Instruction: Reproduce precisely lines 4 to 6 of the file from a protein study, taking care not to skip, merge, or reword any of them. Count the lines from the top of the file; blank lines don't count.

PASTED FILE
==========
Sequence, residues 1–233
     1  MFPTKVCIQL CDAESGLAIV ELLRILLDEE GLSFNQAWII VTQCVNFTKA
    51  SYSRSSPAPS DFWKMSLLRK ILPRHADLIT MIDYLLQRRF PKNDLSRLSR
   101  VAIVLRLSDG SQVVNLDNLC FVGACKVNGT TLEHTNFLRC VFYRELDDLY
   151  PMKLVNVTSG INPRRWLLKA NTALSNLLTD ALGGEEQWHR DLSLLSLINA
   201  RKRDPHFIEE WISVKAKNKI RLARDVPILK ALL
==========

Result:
   101  VAIVLRLSDG SQVVNLDNLC FVGACKVNGT TLEHTNFLRC VFYRELDDLY
   151  PMKLVNVTSG INPRRWLLKA NTALSNLLTD ALGGEEQWHR DLSLLSLINA
   201  RKRDPHFIEE WISVKAKNKI RLARDVPILK ALL